In the Middle East, the length and style of a man’s facial hair can tell observers a lot about that chap. A full, bushy beard with a shaven lip might indicate that the fellow was very religious, wearing his facial hair the way the Prophet Mohammed apparently did. When Iraqi leader Saddam Hussein was in charge, moustaches were big in Iraq, at first, a symbol of secular masculinity. And in the north of the country, in Iraqi Kurdistan, there was a time when having a full beard meant that you had been off fighting for Kurdish independence in the hills.
But recently fashion in the semi-autonomous region of Iraqi Kurdistan has meant that things are a little more confused, and potentially conflicted.
Rasan Kamal, a 23-year-old local of Sulaymaniyah, has a full beard. And he loves it. He doesn’t care what people assume about him because of it, he says, and he grooms it because “it is attractive and people admire it”.
In fact, when NIQASH asked to take pictures of his beard from every angle, Kamel was more than happy to oblige. Kamal’s beard is a fashion statement but he also says he thinks some young men in the region are forgoing a clean-shaven look now as a kind of protest at the current financial and political conditions in the region. Proceedings in the Iraqi Kurdish parliament stopped months ago due to a scrap about who should be president of the region and cashflow in the region has been tight, due to arguments with Baghdad over the federal budget and oil.
When I see men growing their beards I get angry because they are distorting religious looks, for the sake of fashion.
During the 1980s, when the Kurdish men of Iraq took part in an insurgency against Saddam Hussein, many of the fighters would hide in the mountains of what is now Iraqi Kurdistan. Often these men would grow beards – one assumes, because of a lack of shaving gear up in the hills - and during the 1980s, having a beard could mean that the owner was a member of the Kurdish, anti-Hussein militias.
In fact, the beard became such a symbol that the Iraqi government tried to ban beards in Iraqi Kurdish cities.
After the semi-autonomous region of Iraqi Kurdistan began to be formed in 1991, when the Iraqi army left the region, the beard lost its potency as a symbol of Kurdish rebellion. Once again, the beard was claimed by the religious in Iraqi Kurdistan while the military men tended toward elaborate and historic moustaches.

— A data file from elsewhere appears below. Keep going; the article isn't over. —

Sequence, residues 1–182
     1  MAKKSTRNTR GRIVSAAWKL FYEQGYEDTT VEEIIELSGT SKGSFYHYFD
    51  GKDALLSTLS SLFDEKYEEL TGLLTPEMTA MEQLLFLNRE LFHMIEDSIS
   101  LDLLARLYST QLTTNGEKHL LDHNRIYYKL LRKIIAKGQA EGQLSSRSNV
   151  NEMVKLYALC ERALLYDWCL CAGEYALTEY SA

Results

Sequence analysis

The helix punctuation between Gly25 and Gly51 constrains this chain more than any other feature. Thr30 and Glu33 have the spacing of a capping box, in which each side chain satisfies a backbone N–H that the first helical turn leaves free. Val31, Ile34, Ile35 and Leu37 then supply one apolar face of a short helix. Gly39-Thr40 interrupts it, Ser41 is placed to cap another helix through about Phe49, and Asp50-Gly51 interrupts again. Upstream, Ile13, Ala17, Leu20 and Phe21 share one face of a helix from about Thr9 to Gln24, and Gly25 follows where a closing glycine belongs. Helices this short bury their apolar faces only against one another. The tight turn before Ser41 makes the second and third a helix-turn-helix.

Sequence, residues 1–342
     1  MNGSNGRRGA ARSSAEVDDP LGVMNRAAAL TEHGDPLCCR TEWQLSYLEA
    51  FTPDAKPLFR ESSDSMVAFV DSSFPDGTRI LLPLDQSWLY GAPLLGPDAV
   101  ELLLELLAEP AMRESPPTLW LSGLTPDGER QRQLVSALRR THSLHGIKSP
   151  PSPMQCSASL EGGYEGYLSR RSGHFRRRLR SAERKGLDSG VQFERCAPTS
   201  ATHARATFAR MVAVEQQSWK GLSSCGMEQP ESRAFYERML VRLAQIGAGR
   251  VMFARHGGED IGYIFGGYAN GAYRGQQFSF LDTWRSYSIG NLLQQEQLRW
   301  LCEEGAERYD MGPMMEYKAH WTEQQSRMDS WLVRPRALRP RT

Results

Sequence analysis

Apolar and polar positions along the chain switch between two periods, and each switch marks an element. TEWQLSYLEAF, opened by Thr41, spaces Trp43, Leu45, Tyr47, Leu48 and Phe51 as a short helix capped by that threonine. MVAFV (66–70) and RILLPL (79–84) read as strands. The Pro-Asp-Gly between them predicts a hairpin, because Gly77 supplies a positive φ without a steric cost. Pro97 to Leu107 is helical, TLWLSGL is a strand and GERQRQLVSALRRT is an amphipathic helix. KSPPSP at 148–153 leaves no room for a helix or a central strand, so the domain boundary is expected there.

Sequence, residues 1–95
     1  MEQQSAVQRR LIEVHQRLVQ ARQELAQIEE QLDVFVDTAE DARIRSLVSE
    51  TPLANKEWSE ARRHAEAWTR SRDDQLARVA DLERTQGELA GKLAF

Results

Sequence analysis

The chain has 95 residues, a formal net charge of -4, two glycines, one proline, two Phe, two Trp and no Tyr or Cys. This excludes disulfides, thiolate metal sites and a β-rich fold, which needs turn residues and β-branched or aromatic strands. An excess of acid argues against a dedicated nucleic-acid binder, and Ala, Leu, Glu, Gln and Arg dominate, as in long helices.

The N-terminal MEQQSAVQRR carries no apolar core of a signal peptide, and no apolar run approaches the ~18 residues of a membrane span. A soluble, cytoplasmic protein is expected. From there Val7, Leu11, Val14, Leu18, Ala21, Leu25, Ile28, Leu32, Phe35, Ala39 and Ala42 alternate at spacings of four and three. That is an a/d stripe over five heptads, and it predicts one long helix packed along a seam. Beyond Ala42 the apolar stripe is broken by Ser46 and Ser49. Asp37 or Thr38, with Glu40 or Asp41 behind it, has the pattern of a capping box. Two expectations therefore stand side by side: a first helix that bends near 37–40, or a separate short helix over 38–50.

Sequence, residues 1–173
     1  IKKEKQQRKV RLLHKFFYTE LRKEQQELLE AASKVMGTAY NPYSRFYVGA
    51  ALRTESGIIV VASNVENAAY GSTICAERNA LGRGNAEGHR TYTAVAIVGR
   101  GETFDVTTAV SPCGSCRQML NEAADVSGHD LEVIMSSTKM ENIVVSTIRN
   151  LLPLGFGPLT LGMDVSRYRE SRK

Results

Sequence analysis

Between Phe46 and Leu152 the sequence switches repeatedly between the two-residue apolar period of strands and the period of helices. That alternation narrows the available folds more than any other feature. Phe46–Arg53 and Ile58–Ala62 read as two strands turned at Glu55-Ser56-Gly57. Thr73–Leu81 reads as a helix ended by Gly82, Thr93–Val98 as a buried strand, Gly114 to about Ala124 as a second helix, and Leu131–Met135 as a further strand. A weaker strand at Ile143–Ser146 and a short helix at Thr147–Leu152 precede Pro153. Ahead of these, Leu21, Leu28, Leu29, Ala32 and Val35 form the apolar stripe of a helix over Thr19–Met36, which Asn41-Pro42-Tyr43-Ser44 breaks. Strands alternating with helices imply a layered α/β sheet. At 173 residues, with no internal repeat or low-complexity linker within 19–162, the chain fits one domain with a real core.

Then once the Islamic political parties of Kurdistan announced that they planned to take a more moderate political path, the religious beard also began to evolve. It started to look more like heavy stubble than a full flow and that trend has continued until today with only the very religious wearing their beards in an extremely bushy way, with a shaven lip.
Local man Karawan, 21, has a beard like that – and yes, it is because he is a Salafist, he says – that is, a man practicing a more extreme version of Islam. And it troubles him that some of his neighbours are growing their beards for the sake of fashion and good looks.
“When I see men growing their beards without shaving their moustaches I get angry because they are distorting religious looks, for the sake of fashion,” says Karawan, who didn’t want to give his full name because of the controversial nature of his opinion. Still, Karawan adds, even though he doesn’t agree with these kinds of beards, he respects an individual’s personal freedom to dress as they like.
Today, beards in Iraqi Kurdistan are, in general, more of a statement of personal style than of political inclination, say the region’s sociologists.
“Today’s beards have nothing to do with political ideology,” says Hawzhin Mala Amin, a lecturer in Islamic philosophy at the University of Sulaymaniyah in Iraqi Kurdistan. “Young men grow beards to express their own personalities.”
“Religion made beards important,” Amin continues. “But now growing a beard has become a personal issue and when you see a man with a beard, it doesn’t necessarily mean anything.”